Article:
UPDATED with voting results, meeting details. CBS shareholders elected 11 members to the company’s newly constituted board of directors in a drama-free annual meeting this morning.

The twice-postponed gathering at New York’s Museum of Modern Art reflected little of the turmoil CBS has experienced in recent months. Only a couple dozen shareholders attended the 20-minute meeting, where they were nearly outnumbered by reporters.

A slate of 11 directors, including Strauss Zelnick, who remains interim chairman, were elected by 98% of shareholders. Their election means the board now features a majority of members who joined or were nominated during a dramatic shakeup in September. Zelnick took over for Dick Parsons, the onetime Time Warner chief who cited health issues when he stepped down from the chairmanship in October.

Absent from the meeting agenda was the issue that has been dominating headlines for months: sexual misconduct allegations against the former CBS chairman and CEO, Les Moonves. The longtime boss resigned after a dozen women came forward with accounts of unwanted sexual aggression. Subsequent news stories, surfacing fresh allegations, have raised questions about whether Moonves will collect his $120 million severance package.

“Finally we have a new board and a new chairman, who will hopefully do the right thing and not get us into trouble as we’ve been in the past,” shareholder Philip Berman said during the meeting’s Q&A period. In that 10-minute span, few questions drew blood. Zelnick, acting CEO Joe Ianniello and SVP and Chief Legal Officer Lawrence Tu easily parried each query and generally relied on familiar talking points.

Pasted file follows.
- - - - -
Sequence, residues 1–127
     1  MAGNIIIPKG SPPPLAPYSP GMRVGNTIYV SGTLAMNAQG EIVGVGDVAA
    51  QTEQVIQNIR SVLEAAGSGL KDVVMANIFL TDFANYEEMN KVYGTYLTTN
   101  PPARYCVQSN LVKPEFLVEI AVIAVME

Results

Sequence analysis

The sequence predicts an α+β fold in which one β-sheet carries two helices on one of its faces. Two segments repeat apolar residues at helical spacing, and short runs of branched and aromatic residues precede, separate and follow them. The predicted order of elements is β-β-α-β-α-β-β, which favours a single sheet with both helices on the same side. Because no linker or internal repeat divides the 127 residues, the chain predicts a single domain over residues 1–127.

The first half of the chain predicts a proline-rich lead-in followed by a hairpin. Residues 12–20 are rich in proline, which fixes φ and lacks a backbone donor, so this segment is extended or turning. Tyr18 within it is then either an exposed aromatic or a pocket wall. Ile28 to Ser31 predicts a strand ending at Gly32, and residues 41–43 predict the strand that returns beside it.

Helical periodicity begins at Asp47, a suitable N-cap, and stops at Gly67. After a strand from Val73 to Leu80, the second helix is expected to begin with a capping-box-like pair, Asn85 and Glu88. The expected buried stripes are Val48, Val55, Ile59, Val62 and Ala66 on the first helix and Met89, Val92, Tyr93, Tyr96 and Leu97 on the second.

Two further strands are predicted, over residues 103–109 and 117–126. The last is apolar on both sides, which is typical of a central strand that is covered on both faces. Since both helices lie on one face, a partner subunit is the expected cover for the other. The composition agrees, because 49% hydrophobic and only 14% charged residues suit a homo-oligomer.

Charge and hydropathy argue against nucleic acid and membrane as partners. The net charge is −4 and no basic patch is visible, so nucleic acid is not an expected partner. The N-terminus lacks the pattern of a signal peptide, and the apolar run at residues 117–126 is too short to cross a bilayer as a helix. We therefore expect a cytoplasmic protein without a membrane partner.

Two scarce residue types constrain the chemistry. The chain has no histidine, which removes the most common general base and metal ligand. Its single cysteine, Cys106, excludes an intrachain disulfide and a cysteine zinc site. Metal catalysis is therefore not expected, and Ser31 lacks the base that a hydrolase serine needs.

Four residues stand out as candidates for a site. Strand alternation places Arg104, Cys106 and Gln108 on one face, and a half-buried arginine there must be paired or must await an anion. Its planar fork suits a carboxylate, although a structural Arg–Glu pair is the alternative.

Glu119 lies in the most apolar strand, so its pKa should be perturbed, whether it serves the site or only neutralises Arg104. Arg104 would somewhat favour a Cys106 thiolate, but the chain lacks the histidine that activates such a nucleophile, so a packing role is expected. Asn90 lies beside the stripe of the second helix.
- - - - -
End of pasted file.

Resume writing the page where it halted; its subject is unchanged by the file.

Asked about the status of the search for a permanent CEO, Zelnick said, “We don’t have anything to report right now. … It will wind up in due course.”

One avid viewer/shareholder pressed the executives about a topic they were unafraid to tackle: whether Judy Sheindlin, aka Judge Judy, would re-up her contract, which is set to expire in 2021. “We’re always in discussions with Queen Judy,” Ianniello smiled, repeating the nickname his questioner had bestowed her.

Activists from UltraViolet vowed to protest outside the meeting to call on CBS directors to fire Moonves and deny him a final payday, but in the end only a handful of protesters materialized on 53rd Street.

Directors received a verbal briefing Monday from investigators looking into allegations of misconduct. Details of their preliminary findings, obtained by the New York Times, found that Moonves had destroyed evidence and misled investigators in an attempt to protect his reputation and severance package.

Investigators also found Moonves engaged in “multiple acts of serious, nonconsensual sexual misconduct,” both in the workplace and outside, according to the Times account.

It is unclear when CBS’ directors will reach a decision regarding Moonves’ severance.

Shareholders at the meeting also approved the appointment of PricewaterhouseCoopers as the company’s independent accountant, and signed off on the restatement of its long-term executive incentive plan. Both of the latter were approved by 99%.